February 2, 2015; Sacramento Bee
Sure, we can all find books in our local libraries, but does your library let you check out a camera? Maybe a printer? Or how about a sewing machine? If you live around Sacramento, California, you may be in luck. The Sacramento Public Library is launching a program called “Library of Things” to expand its collection beyond just books, films, and music to provide other resources community members might need, from tools to technology.
According to library spokesman Malcolm Maclachlan, the idea behind the program came from its patrons who live in urban settings and don’t necessarily have the space for objects they don’t normally use or would use only on occasion. “If you need to use a tool once, you don’t necessarily need to own it.”
The question of what exactly will be available for lending and borrowing will depend on what the community suggests. Community members have been able submit their ideas through the library’s website and will be able to continue to do so through next week. Once ideas have been submitted, they will appear as comments on the page. The most popular objects will be purchased. (Within reason, of course; the library has allotted a budget of $3,900.) So far, the two most popular ideas, tied at 150 votes each, have been a sewing machine and video games—clearly, a variety of demographics are being served here. In response, the library has already bought six sewing machines and expects to begin circulating them by mid-February.
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Other suggestions also include practical items like laptops, phone chargers, and instructional aids for schools (such as calculators). And then there’s the suggestion for a drone. I guess you never know when it could come in handy. However, jokes aside, the project might encourage individuals to invest their time in something they may not have had previous access to, taking up photography with a borrowed camera or sewing on a rented machine.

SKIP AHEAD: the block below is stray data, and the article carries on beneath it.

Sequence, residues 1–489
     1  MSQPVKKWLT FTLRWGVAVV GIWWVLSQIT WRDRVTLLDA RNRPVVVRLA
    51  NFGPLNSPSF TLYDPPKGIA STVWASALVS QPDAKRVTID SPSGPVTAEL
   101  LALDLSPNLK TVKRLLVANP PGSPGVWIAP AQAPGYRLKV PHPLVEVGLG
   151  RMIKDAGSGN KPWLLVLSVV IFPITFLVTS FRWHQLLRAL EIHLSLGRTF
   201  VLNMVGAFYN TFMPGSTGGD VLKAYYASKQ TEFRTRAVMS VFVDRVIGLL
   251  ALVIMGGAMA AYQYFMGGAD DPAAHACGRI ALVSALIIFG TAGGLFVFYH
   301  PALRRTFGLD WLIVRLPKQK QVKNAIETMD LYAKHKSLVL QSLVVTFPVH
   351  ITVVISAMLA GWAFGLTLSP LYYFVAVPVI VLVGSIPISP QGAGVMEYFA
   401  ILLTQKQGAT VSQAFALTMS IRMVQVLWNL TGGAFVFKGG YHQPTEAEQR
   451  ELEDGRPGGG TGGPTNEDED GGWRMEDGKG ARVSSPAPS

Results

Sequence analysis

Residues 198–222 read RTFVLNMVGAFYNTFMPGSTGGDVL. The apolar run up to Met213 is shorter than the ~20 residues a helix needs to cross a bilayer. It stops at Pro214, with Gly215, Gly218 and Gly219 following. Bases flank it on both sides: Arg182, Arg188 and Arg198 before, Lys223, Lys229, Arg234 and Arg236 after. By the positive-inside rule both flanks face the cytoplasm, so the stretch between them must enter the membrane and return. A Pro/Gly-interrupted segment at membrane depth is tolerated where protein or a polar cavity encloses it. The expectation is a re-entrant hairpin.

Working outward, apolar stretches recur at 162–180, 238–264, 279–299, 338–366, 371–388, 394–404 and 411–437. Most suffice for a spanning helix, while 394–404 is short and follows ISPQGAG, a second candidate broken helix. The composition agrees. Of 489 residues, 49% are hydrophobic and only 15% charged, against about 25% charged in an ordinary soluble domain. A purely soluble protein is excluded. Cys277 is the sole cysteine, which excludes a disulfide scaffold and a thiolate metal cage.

“It could get people interested in sewing and crafting who maybe can’t afford it,” said Stephanie Bucknam, a volunteer at the library. Bucknam offered to teach a sewing class at the library upon hearing about the program. “I thought since I already volunteer, I should volunteer time for this.”
The community the library is so diligently serving is the same community that forked over $12 extra dollars per household last year to ensure it could continue functioning properly. Like many other local libraries, funding and contributions are needed to ensure they can continue to provide necessary services. For this project, some of the funding is coming through a federal grant, while another $2 million in funding has also given the project financial stability, according to the library’s director, Rivkah Sass.
The “Library of Things” is only part of a larger creative development of public libraries. In a response to our changing society, libraries are going “bookless,” lending tools, offering classes, or expanding into research institutions to become modern forums of innovation. Last September, a new initiative, Outside the Lines, recruited libraries from all over the country to participate in a weeklong event to celebrate the “creativity and innovation happening in libraries.”
Lori Easterwood, the manager of the “Library of Things” program, also hopes it will remind the public of the impact a library can have in its community. “It’s when you create a project that gets people’s attention that you remind them about the other things the library has to offer.”—Shafaq Hasan